Permanent Total Disability Benefits
In the most extreme cases, on-the-job accidents and workplace-related illnesses can leave a worker permanently unable to perform his or her duties. When this happens, the employee has certain legal rights under the New Jersey workers’ compensation laws. These laws apply to most employers in the state, requiring them to purchase workers’ compensation insurance (or go through the procedure to become self-insured) so that coverage will be available to employees who get hurt or become ill in the course and scope of their employment. At Siegel & Siegel, P.C., our Middlesex County workers’ compensation lawyers represent workers in Middlesex and Mercer Counties as they seek temporary total disability benefits or permanent total disability benefits from their employer and its workers’ compensation insurance carrier.
Many workers are reluctant to report a work-related injury for fear of termination or other retaliation. It is important to note, however, that there are laws that protect injured workers from such conduct, and a separate legal action may be appropriate if an employee is fired, demoted, or otherwise treated unfairly due to a workers’ compensation claim. Since there are time constraints on the period for giving notice of a workplace injury or illness, it is advisable that a worker speak with an experienced injury attorney as soon as possible after an accident or illness at work.Pursuing Permanent Total Disability Benefits in New Jersey
Unlike ordinary types of personal injury cases, such as a car accident case, a workers’ compensation claim does not require an employee to prove that the employer or a coworker was at fault for the accident. Workers’ compensation is a compromise between employees and employers. The worker does not need to prove negligence and can receive medical benefits immediately following the accident, but he or she cannot recover the full range of money damages that would be possible in a personal injury case. The benefits available to an employee who is permanently and totally disabled, such that they cannot work even in a reduced capacity, are subject to a minimum and maximum set by state law. Generally, permanent total disability benefits are payable at a rate equal to 70% of the employee’s pre-accident average weekly wage. There is a cap on the number of weeks that the employee may receive permanent total disability benefits, although there are some exceptions to this general rule.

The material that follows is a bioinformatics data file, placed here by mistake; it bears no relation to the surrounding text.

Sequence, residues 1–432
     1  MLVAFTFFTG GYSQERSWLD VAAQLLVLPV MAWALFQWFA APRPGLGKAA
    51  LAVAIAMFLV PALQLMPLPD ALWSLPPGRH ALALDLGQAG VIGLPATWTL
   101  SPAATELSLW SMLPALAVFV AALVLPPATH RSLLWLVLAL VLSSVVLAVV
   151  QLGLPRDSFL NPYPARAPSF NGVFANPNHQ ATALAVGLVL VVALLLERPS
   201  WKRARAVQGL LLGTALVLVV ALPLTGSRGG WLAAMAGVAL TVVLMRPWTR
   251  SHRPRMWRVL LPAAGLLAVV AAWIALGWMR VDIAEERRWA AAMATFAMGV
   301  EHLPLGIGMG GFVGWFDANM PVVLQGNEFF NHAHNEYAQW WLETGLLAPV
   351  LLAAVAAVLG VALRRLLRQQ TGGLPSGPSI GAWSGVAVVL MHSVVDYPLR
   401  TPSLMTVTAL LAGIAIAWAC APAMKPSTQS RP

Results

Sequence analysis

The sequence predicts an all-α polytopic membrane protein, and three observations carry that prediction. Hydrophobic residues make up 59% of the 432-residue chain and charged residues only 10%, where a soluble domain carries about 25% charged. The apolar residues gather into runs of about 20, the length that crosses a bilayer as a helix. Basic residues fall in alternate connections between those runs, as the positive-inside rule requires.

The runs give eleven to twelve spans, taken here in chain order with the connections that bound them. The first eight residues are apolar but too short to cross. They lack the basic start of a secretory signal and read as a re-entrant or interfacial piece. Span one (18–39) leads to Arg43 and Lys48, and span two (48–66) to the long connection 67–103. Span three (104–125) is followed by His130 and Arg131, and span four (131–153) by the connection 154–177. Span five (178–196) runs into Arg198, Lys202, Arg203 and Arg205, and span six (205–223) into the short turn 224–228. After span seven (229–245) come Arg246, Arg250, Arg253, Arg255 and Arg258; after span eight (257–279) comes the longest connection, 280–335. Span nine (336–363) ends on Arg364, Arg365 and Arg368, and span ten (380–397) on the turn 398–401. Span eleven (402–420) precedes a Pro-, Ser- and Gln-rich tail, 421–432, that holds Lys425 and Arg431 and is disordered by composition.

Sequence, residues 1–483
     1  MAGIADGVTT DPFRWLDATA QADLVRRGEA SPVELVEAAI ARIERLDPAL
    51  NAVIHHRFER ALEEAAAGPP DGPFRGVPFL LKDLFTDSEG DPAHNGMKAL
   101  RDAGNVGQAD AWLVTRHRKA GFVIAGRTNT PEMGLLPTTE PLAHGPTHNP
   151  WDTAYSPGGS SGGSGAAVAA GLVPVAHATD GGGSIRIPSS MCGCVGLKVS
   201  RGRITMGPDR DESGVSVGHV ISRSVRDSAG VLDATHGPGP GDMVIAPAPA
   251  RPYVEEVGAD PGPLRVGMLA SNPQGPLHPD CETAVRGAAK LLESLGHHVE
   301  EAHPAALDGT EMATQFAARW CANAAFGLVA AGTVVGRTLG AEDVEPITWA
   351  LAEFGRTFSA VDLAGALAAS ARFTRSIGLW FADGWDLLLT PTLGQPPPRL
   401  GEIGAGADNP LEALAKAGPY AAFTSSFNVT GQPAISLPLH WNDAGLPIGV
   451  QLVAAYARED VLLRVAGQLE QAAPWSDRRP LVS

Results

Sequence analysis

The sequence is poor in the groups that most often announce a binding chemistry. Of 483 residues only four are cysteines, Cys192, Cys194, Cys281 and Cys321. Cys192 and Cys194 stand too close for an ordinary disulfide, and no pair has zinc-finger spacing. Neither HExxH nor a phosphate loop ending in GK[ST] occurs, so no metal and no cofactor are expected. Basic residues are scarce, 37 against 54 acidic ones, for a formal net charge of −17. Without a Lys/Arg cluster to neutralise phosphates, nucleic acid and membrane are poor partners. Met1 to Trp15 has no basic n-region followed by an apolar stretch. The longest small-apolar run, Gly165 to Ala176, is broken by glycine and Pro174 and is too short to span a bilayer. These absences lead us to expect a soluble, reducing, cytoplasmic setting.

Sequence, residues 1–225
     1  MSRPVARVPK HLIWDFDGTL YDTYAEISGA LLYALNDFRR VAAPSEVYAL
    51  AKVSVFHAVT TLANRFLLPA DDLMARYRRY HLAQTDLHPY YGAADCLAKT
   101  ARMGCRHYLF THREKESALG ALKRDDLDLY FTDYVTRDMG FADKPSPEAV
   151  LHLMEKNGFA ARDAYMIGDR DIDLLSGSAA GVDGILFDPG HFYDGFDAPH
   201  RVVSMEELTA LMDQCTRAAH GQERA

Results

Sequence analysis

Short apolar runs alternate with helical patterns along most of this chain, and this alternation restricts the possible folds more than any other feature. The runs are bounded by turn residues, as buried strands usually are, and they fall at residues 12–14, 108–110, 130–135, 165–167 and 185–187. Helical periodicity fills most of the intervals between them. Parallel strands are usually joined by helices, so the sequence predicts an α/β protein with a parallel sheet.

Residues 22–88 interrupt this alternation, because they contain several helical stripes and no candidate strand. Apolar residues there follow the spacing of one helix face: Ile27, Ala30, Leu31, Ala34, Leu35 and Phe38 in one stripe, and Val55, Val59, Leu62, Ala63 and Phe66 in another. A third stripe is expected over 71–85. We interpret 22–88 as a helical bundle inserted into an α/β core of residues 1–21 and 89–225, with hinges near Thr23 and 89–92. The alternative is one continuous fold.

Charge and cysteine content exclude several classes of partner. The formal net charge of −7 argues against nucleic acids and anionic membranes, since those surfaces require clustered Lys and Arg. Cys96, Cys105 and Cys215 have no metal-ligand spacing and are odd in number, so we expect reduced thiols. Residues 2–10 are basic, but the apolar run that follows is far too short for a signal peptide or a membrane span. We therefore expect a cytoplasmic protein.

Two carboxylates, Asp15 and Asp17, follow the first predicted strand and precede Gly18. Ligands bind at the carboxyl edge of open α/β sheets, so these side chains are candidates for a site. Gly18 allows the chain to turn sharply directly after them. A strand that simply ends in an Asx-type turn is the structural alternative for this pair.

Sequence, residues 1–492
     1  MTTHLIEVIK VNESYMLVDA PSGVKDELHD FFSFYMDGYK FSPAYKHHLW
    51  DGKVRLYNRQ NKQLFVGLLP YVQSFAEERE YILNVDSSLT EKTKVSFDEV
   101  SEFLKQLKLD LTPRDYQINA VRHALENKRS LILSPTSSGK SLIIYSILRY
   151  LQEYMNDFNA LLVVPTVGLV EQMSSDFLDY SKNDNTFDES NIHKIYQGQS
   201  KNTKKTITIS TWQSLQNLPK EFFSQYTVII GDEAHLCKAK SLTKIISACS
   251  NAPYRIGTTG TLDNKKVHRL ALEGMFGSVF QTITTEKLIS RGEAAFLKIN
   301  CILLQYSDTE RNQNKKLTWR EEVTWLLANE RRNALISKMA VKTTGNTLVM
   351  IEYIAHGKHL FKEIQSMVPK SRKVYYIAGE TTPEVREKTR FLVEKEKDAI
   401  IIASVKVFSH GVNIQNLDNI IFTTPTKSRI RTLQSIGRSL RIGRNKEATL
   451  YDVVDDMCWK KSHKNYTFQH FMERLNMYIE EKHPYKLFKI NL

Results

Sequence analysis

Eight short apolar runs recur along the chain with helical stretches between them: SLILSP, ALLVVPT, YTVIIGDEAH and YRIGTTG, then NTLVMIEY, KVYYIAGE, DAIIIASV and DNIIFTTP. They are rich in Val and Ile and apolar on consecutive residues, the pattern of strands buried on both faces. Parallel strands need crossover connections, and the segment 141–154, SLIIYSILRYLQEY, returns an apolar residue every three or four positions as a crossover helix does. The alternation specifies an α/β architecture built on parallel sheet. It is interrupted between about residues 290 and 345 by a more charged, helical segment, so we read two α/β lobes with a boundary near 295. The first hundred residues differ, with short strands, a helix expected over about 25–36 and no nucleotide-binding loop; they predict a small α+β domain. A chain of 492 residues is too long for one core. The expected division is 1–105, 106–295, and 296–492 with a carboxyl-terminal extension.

In some situations, a person who is hurt during his or her work may also have a claim against a third party, in addition to pursuing permanent total disability benefits. One example of this would be a delivery driver who is hurt in an accident caused by a distracted or otherwise negligent motorist. In this case, the worker might be able to sue the careless driver for the lost wages, medical expenses, and pain and suffering caused by his or her injuries, as well as receiving benefits through the no-fault workers’ compensation system. However, any compensation received by the worker would be subject to a subrogation claim by the workers’ compensation insurance carrier for repayment of the funds paid on the worker’s claim for temporary or permanent disability benefits. Third-party claims are subject to separate statutes of limitations, so it is important that an injured worker promptly speak to an attorney about the details of his or her case to see if a third-party claim is a possibility.Talk to a Knowledgeable Work Injury Lawyer in Middlesex or Mercer County
If you have suffered a work-related injury in Plainsboro, Cranbury, South Brunswick, North Brunswick, New Brunswick, Edison, Piscataway, Trenton, Princeton, Hamilton, West Windsor, or elsewhere in Middlesex, Mercer, Burlington, Monmouth, or Union County, the law firm of Siegel & Siegel, P.C., can help. For an appointment to discuss your case, call us now at 609-799-6066 or contact us online. Our attorneys also handle car and truck accident cases, slip and fall claims, and other personal injury and wrongful death matters. We take most of our cases under a contingency fee arrangement, so no legal fees are collected unless and until your case reaches a favorable outcome.